Thirty-seven die as 19th Century wooden psychiatric hospital in Russia burns down

Fire is thought to have been caused by a patient either smoking or setting himself alight

A fire in a rural psychiatric hospital in north west Russia that appears to have been caused by a patient either smoking or setting fire to himself has killed 37 people, authorities say.

The pre-dawn fire, which occurred in the village of Luka 137 miles south east of Saint Petersburg, is the latest tragedy to hit a mental institution in Russia and is likely to raise questions about the country’s management of mentally ill and vulnerable citizens.

One nurse is reported to have died while trying to save patients, while Russian media said that only 20 of the 59 people thought to be in the hospital were successfully evacuated.

Russian television this morning showed images of the building reduced to smouldering wreckage.

In a statement the Russian Investigative Committee said the institution, which is made of wood brick and concrete, caught fire around 4.00am. A criminal probe has been launched to investigate suspected negligence.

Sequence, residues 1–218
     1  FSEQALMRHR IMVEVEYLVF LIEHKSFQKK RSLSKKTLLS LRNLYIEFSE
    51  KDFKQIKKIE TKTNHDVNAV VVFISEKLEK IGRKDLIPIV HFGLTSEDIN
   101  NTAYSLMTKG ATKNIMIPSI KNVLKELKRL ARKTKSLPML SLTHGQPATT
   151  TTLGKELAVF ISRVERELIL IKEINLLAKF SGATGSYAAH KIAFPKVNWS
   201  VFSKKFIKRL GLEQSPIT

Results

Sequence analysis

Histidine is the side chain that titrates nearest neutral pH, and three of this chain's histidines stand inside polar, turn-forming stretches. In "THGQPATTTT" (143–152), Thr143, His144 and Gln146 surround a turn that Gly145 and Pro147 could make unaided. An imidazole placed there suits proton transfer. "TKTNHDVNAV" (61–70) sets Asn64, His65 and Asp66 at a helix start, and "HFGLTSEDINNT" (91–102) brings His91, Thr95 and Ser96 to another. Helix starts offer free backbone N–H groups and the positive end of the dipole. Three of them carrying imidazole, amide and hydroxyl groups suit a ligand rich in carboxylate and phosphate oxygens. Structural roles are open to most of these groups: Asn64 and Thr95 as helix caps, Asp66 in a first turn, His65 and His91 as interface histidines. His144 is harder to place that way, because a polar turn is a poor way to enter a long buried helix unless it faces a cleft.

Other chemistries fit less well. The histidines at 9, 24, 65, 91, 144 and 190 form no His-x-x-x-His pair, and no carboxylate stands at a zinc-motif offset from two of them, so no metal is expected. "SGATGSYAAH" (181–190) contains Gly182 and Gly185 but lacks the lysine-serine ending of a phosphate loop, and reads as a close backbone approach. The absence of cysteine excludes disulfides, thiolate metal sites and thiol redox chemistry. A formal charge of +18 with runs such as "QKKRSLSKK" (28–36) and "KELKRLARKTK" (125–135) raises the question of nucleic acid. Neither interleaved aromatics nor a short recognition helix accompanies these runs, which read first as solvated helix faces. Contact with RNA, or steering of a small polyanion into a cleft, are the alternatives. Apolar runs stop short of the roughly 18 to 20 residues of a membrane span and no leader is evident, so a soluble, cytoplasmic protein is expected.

A senior official said emergency authorities had recently tried to have the building condemned as unfit for use. Yuri Deshovykh, director of the Russian Emergency Situations Ministry's oversight department said:

“This building had a weak resistance to fire. It was made of wood. The administration had been told by the legal authorities to remedy numerous violations in fire security by August 1. But this was not done.”

The fire is the latest atrocity to occur in a poorly maintained Russian health or rehabilitation centre.

In April a fire that raged through a psychiatric hospital in the Moscow region killed 38 people - mostly patients engulfed by flames as they slept behind barred windows.

In 2006, a blaze in a Moscow drug clinic killed 45 women, with the local fire services facing criticism for their slow reaction to the incident.

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